• What role can and should custom play in the making of international law?
  • The normative foundations of custom (i.e. what makes custom law)
  • Evidential requirements for customary international law (e.g. constituent elements, context, and burden of proof)
  • The role of national and international courts in the creation of customary rules
  • The role of non-State actors in the development of customary international law
  • Regional variations in the process/content of customary international law
  • Variations in the ‘method’ of customary international law in different fields/regimes of international law
  • Interdisciplinary approaches to custom

In addition to considering these themes, proposals are welcomed on other topics, including: the scope of the ILC’s programme; the changing function of custom; the relationship between custom and other sources of international law, and the place of custom in the theories of international law.

All panels will be chaired by leading academics, who will be invited to comment on the papers.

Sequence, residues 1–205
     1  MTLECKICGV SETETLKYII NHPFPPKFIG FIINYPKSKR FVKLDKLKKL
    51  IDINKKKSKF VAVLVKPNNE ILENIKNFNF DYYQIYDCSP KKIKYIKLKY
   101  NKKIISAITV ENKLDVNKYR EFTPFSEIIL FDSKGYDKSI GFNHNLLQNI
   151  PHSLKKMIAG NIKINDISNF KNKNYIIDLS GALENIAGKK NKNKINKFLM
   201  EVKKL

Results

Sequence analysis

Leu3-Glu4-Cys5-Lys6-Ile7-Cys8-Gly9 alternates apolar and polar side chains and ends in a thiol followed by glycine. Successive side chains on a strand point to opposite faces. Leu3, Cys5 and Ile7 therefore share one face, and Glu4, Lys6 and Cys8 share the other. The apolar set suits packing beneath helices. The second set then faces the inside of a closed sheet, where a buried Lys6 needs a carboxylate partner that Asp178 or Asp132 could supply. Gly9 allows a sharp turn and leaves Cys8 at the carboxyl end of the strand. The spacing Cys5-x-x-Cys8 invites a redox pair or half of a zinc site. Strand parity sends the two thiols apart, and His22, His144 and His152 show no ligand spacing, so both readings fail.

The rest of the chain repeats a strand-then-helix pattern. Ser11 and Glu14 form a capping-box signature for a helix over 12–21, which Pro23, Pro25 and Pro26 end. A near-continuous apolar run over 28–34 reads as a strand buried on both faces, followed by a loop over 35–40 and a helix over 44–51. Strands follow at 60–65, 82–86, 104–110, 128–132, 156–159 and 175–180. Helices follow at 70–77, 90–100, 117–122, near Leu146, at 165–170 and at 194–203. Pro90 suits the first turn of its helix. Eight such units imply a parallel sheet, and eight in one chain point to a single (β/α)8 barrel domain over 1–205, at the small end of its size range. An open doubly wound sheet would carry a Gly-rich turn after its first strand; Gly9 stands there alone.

Interested participants should provide an abstract of no more than 500 words by 15 February 2015. Abstracts shall be uploaded on the conference’s webpage at []. If you wish to discuss topics or ideas informally please contact Dr. Vassilis P. Tzevelekos at [].

Speakers will be informed of acceptance of their papers by 6 March 2015, and will be expected to submit either a full or outline paper by 1 June. Presentations should be no longer than 20 minutes in duration.

Speakers will be required to pay a £20 conference participation fee, and will also be required to meet the cost of travel and accommodation.

Selected papers will appear in a volume edited by the McCoubrey Centre for International Law.


Abstract submission by: 15 February 2015

Selection of papers by: 6 March 2015

Submission of conference papers by: 1 June 2015

Organising Committee:

Professor Richard Barnes, Professor Lindsay Moir, Dr. Vassilis P. Tzevelekos, Dr Carmino Massarella, Ms Mercedes Rosello.